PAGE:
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Bank Shareholder Proposals to Curb New Fossil Fuel Lending get Slim Support


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NEW YORK/BOSTON, April 26 (Reuters) – Shareholder proposals asking banks to take stronger action on climate change by ending new fossil fuel financing activities failed to get much support at investor meetings on Tuesday.

Investors at Citigroup (C.N) and Bank of America (BAC.N) gave little backing to proposals essentially asking the banks to stop financing new fossil fuel supplies, with less than 13% of shares at Citi and less than 11% of shares at Bank of America cast in support of the proposals, according to preliminary tallies given by bank leaders.

Wells Fargo & Co (WFC.N) investors gave less than 11% support to a similar proposal asking the bank adopt a similar policy by the end of 2022.

The shareholder resolutions had been closely watched as a test of how investors will weigh climate concerns against rising energy prices. read more

Heidi Welsh, executive director of the Sustainable Investments Institute, which tracks shareholder resolutions, said the results likely reflected current instability in energy markets and activists’ challenge in persuading large mutual funds to support their causes.

“These (results) are pretty low,” she said.

Representatives for top fund managers BlackRock Inc (BLK.N) and Vanguard Group declined to say how they voted on the measures, which were opposed by the banks. Ben Cushing, a representative for the Sierra Club, which sponsored some of the proposals, said the big firms may have been spooked by rising oil prices.

“The current narrative around global energy markets probably is getting in the heads of investment managers,” he said. Cushing said the results were decent for first-time resolutions asking for aggressive changes.

At the meetings, all held via webcast, investors peppered bank directors and executives with questions on a range of social and environmental policies.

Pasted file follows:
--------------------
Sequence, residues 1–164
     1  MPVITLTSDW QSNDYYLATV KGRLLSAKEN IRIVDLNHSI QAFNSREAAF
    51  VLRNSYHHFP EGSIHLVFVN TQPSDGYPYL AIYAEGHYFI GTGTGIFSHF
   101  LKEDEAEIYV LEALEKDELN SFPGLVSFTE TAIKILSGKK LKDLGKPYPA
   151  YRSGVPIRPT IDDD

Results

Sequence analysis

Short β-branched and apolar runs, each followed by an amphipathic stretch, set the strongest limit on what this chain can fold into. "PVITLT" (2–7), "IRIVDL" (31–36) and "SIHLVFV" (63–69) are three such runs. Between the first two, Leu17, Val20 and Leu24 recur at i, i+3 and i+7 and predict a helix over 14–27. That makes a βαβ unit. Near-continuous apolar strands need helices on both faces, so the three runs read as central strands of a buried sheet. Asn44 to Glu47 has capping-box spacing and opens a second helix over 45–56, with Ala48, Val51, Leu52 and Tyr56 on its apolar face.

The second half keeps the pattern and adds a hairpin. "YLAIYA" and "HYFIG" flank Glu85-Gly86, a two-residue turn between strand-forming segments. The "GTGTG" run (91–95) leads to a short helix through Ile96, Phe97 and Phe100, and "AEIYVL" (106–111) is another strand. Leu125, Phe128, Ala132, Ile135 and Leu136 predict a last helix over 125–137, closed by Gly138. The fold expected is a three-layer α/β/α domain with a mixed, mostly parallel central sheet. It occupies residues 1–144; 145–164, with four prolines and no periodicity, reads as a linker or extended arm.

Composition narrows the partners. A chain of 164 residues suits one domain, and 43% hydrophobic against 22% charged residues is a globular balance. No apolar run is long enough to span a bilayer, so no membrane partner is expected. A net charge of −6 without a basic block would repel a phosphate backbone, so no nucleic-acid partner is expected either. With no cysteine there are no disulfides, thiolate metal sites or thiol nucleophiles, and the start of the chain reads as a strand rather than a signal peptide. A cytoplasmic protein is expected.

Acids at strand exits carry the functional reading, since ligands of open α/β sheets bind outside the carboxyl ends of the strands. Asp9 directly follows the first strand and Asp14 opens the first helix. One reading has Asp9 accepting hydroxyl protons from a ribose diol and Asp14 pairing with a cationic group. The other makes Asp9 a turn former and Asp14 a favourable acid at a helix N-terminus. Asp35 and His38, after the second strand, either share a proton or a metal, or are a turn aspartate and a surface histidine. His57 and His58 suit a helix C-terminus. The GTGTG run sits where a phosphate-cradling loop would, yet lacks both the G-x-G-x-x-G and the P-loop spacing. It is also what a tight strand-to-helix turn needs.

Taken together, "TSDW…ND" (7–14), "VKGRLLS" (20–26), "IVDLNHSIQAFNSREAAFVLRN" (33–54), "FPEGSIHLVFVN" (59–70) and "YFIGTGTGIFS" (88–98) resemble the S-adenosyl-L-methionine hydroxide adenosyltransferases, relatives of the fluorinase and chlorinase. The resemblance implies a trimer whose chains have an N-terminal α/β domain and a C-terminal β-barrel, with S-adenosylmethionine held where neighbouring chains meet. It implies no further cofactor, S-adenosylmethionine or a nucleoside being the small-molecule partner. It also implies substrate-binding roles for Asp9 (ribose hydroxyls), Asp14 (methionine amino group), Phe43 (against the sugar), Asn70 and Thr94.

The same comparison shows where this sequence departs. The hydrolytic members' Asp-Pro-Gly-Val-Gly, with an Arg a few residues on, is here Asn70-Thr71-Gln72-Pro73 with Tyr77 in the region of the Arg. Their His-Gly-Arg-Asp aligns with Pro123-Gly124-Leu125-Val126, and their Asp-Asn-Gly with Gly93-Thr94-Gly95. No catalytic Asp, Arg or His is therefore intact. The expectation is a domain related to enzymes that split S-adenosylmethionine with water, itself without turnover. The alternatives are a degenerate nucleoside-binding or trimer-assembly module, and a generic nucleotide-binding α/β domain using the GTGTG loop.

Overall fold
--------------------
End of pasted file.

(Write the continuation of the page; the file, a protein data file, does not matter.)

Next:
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The questions reflected strongly held views by environmental and humanitarian activists, who called on banks to expand pro-environmental commitments and examine racial equity among employees, and Republican-leaning viewpoints, critical of Wall Street’s embrace of environmental and social concerns.

Citigroup Chief Executive Jane Fraser was asked to address a new policy that covers travel expenses for employees who go out of state for abortions to avoid newly enacted restrictions in Texas and other places.

“We know this is a subject people feel passionate about. I want to be clear that this benefit is not intended to be a statement about a very sensitive issue,” Fraser said, reiterating that the bank has long reimbursed employees for travel costs incurred for healthcare treatments.

A Citi shareholder proposal calling for a report on the effectiveness of the bank’s policies on humanitarian and environmental issues, specifically related to indigenous communities, received middling support with around 34% of shares voted in support.

None of the shareholder proposals at Citi, Bank of America or Wells received a majority of votes.

Shareholders at each of the banks voted overwhelmingly to elect all directors and to approve executives’ 2021 compensation packages. read more

Reporting by Elizabeth Dilts Marshall in New York, Sohini Podder, Noor Zainab Hussain, Niket Nishant in Bangaluru, Michelle Price in Washington D.C., and Ross Kerber in Boston; Editing by Nick Zieminski and David Gregorio



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